crack de do
(originally posted 10/1/2013)
“You see, what makes our culture simultaneously infuriating and gratifying is its uncanny ability to muzzle the rebel by gradually absorbing him into the system with an intoxicating web of money, fame, and chicks that ultimately dulls his senses to the point where he can no longer even remember what it was he was fucking rebelling against in the first place.”
I thought of this quote recently while being subjected to a beer advertisement starring Ice Cube. Does he really believe he’s a bad-ass? That he’s still an intimidating figure?
Clearly the beer company did when they hired him. I can imagine all the suits at the marketing agency huddled around giggling to themselves as they decided to ask a former NWA member to pitch their beverage.
“We’re so edgy.”
But does Ice Cube believe it?
Could he be that deluded?
If he does, I would hope someone close to him would sit down and explain to him that he’s just another puppet now. A minstrel that doesn’t require blackface.
He might as well go by the name Mike Cube. He can scowl and sneer and mangle the English language all he wants, but everyone knows that when the director yelled cut he turned and said “How was that? Will that work for you? Should I talk more ghetto or was my performance adequate in conveying to the audience just how credible your product is to the target urban demographic?”
What is it about rebellion that it becomes so easily bought off? It’s embarrassing. Emotions like outrage always seem so sincere when you first come across them, but it only takes a few dollars to have them evaporate… I was going to compare outrage evaporating like some other thing evaporating but I realize I was only going there because I started off with a Dennis Miller quote and now every time I start a new sentence I hear him saying it in my head. If this is in itself an example of how something genuinely annoying turns into something derivative let me be the first to confess it was completely unintentional.
That’s why I don’t read much. I know that it’s commonplace for writers to be influenced by the work of others but I’m not good enough not to just come right out and rip off the style or timbre of whomever I’m reading. My typical subject matter is usually dumb, but it’s all mine.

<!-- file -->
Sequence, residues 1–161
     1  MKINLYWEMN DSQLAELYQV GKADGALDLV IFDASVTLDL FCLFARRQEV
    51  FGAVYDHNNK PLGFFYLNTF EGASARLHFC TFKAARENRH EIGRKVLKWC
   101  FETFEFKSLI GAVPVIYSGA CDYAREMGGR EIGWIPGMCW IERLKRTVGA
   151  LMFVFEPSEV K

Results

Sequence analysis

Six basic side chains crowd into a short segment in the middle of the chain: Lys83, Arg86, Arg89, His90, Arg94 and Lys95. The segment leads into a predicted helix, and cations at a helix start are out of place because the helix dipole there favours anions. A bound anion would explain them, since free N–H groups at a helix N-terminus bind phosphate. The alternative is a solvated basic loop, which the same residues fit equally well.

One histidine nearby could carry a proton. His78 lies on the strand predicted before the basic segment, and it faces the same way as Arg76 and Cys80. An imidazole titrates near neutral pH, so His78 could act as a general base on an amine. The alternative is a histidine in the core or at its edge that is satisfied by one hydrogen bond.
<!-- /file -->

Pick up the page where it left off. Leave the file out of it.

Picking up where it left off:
What does this have to do with Ice Cube?
I’m not sure yet, but it will occur to me soon enough.
The truth is, for years I forgot perhaps the most influential book I ever read. I was always quick to point out such literary dignitaries as P.G. Wodehouse, P.J. O’Rourke, and Dave Barry but for some reason I completely forgot the one book I read when I was young that began the whole weird short story thing for me; Cruel Shoes by Steve Martin.
As soon as I remembered it, I felt this sudden flood of joy at pinpointing what started the ball rolling. All the dumb stuff wrapped up in all the true stuff I needed to get out of my head. A “get out of jail free card” for every thought scribbled down from that point on.
Now I do not doubt for a second that there was a time Ice Cube probably meant some of the stuff pouring out of his empty head as he and his pals attempted to get straight out of Compton. I’m sure he did. The anger was real.
But that’s all it was. Once the first bottle of Cristal was delivered to his table, it faded as fast and furious as it came. All that talk of guns and gangs and bitches was just that – talk.
Now he pitches beer for money. Who’s the bitch now?
But Steve Martin…
He was subversive. And today… he’s still subversive. Could it be that a fake arrow through the head could make a more substantial impact on the population than the profane rantings of a bunch of former hoodlums?
Ice Cube, by selling out, has made NWA a punchline. Another product.
What about Dennis Miller? He had his share of obscene rantings and yet he tried to remain subversive. A bit tough on the FOX News Channel huh Dennis?
So what’s the point of all this?
That money, fame, and chicks have the power to corrupt everything. The only thing that has the power to really change the system is the kind of stuff that lurks in plain sight.
Stupid and original and wonderful and powerless and you just keep thinking they’re powerless, until enough people have heard them.
A pair of black and white pumps; both are left feet; one has a right angle turn with separate compartments that point the toes in impossible directions. The other shoe is six inches long and is curved inward like a rocking chair with a vise and razor blades holding the foot in place.
These are the kind of shoes that will survive. Worn by survivors.
Not sold by Nike or Adidas. Not available at the mall. Not pimped by frauds like Ice Cube.
The cruel shoes.